don bartletti

The Show Must Go On-Line

The Idyllwild International Festival of Cinema will be virtual again this year, but expansion and new venues are planned for 2023.

Julie Pendray Arts & Entertainment, Current Digital

don bartletti

"You'll see the migratory routes and physical boundaries that define the border," says Don Bartletti of his photojournalism in The Roads Most Traveled, which is an official selection at the Idyllwild International Festival of Cinema.

For 13 years, Stephen Savage and colleagues have valiantly brought an annual selection of indie flicks to screens around Idyllwild, the arty, forested village on Mt. San Jacinto above Palm Springs. In “normal times” this added a week of colorful conversations in local restaurants and pubs, as filmmakers from around the globe chatted about their shared love of the art form.

However, the Idyllwild International Festival of Cinema will once again be online this year. Viewers can obtain the names of the official film selections on the festival’s website. Some films have trailers that can be found on YouTube or the filmmakers’ social media. The grand jury, including Roger Taylor (drummer of the rock band Queen), Anne Archer (actress/producer), and Alan J. Levi (director credits include NCIS and NCIS: Los Angeles) will view the films privately. Audience members will not be able to view the films, but the awards ceremony will be streamed online on March 13 for free.

Meanwhile, big plans are underway for a new surge in 2023.

“We had a great time last year,” says Savage, who is the festival's founder and director. “Even Sundance didn’t have a live festival last year.” But it’s not the way he and executive producer Trinity Houston prefer hosting the event, he adds.

Savage notes 500 tickets were sold in 2020 before the Idyllwild International Festival of Cinema switched to an online format due to Covid restrictions. He and Houston will look for bigger venues for 2023 and that will likely mean presenting some parts of their event off the Hill. “We hope to have as many as 200 films next year,” he said.

There are also plans to take it up a notch. In previous years, an occasional award winner has graced the Idyllwild venues in an evening gown or tux. “That’s the kind of thing we want at our awards ceremony,” said Savage. “No more jeans.”

• VIDEO: View the trailer for The Road Most Traveled.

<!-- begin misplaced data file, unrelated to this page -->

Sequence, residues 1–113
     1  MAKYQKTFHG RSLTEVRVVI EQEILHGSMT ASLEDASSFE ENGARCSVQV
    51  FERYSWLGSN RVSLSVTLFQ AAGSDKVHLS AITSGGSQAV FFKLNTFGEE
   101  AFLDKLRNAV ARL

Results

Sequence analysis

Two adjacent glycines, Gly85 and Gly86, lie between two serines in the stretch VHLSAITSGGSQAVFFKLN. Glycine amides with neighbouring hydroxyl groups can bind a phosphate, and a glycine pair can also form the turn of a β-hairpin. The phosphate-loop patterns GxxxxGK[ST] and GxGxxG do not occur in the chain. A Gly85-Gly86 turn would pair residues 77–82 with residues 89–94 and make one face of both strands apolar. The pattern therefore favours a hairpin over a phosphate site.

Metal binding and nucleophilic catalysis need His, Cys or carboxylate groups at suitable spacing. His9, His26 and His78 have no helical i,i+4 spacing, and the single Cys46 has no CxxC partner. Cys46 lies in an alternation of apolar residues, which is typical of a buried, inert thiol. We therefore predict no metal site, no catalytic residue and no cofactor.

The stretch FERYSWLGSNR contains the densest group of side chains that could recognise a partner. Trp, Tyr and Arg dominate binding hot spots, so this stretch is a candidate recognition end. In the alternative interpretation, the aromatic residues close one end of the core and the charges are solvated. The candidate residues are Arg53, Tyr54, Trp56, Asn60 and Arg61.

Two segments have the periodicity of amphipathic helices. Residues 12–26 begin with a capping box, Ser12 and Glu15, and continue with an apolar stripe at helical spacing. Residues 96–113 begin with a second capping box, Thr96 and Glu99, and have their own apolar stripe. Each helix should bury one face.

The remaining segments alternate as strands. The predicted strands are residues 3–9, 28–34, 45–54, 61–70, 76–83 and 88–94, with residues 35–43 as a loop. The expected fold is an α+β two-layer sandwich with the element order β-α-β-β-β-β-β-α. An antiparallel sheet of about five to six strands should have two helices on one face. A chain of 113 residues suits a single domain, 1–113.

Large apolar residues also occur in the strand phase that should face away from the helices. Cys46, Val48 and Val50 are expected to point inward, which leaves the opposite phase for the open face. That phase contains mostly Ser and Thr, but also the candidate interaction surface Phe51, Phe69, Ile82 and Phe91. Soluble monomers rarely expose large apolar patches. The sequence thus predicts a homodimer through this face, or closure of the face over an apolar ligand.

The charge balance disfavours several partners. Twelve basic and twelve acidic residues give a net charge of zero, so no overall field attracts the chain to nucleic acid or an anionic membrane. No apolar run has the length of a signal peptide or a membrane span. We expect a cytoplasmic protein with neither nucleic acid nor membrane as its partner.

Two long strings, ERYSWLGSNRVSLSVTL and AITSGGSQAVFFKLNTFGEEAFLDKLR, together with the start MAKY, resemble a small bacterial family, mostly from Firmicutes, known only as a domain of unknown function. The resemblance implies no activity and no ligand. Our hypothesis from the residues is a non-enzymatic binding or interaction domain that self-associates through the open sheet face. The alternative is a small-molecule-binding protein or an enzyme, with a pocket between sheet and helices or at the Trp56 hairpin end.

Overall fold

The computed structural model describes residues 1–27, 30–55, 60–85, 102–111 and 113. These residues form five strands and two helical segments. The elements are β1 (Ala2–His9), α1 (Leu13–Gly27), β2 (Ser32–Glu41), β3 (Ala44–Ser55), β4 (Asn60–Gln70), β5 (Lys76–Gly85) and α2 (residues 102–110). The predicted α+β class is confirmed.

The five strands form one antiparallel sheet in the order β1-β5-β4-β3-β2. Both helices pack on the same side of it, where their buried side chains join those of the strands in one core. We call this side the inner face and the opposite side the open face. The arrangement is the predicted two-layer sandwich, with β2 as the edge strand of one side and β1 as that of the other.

One highlight among this year's selections is an acclaimed documentary by Pulitzer Prize-winning photojournalist Don Bartletti, The Roads Most Traveled. Bartletti said that during his 40 years of working for the Los Angeles Times and The San Diego Union-Tribune, he witnessed “the causes and consequences of migration across our southern border.” He said, “Some of it is beautiful, some is gut-wrenching … the issue is far more complex than a stump speech or party platform.”

Bartletti says the documentary doesn’t have a political agenda. “The filmmakers enabled me to reveal what I went through to create enough photographic evidence to help you make up your own mind.”

Two other strong films are from South Africa, Savage says. One is Rogue, written, directed and produced by African American actress Carly Miller; the other is Margarine by director Thabo Khambule. “Women’s influence has grown in the past 4 or 5 years,” says Houston. “Not just in our festival. It’s reflective throughout the world. It’s very exciting to see the level of creativity that’s happening globally.”


Just A Man and A Woman is a story by Oscar Torre about two people who meet weekly in a hotel.

Among faces familiar to Idyllwild viewers are Oscar Torre and his wife, Chuti Tiu. Torre is a regular on the TV show, The Haves and the Have Nots. He is the writer and director of Just A Man and a Woman in the Idyllwild festival. The film stars Tiu and Roberto Sanchez. Torre and Tiu are both also in Sins and Virtues in the festival.

Other contenders include Neon Bleed, which Savage describes as “a heavy drama, with amazing acting and cinematography.”

In the mood for something uplifting? The Sound of Us is a documentary that, according to its trailer, is about music, hope, redemption and “the need to save humanity.” View the trailer below.

One film, nominated for several awards, is “Hashtag Blessed” by Martina Webster, whom Idyllwild viewers will remember as a local who got into film a few years ago and is “killing it,” according to Houston. Webster volunteered for the Idyllwild Festival and now owns the Show Low Film Festival in the White Mountains of Arizona. Webster said her goal is “to make movies with meaning … more films with substance. All my future projects will have a deeper message.”

In addition to having a bigger vision for the annual Idyllwild event, Savage and Houston will present a new festival in Scotland in April in Peebles, near Edinburgh, working with actress Mhairi Calvey (Braveheart).

“I work with amazing people,” Savage said. “Trinity is amazing to work with. I pretty much just show up and wave my hat and welcome everyone. Trinity is the brains of the operation.”

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